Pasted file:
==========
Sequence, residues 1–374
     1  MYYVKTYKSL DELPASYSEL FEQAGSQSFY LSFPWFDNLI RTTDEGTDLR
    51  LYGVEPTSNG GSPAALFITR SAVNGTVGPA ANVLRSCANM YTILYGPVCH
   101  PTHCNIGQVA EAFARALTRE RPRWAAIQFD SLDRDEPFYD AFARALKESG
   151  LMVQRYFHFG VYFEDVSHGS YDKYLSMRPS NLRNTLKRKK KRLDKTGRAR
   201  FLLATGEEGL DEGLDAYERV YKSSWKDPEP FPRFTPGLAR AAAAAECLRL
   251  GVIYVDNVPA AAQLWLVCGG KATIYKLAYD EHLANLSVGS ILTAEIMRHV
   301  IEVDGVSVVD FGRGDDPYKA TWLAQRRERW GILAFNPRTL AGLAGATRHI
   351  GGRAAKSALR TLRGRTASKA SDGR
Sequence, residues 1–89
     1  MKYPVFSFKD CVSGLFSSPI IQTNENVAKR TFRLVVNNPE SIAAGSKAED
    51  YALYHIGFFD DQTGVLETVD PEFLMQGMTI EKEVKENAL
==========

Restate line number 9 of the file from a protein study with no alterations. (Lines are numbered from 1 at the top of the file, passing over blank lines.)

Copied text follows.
   351  GGRAAKSALR TLRGRTASKA SDGR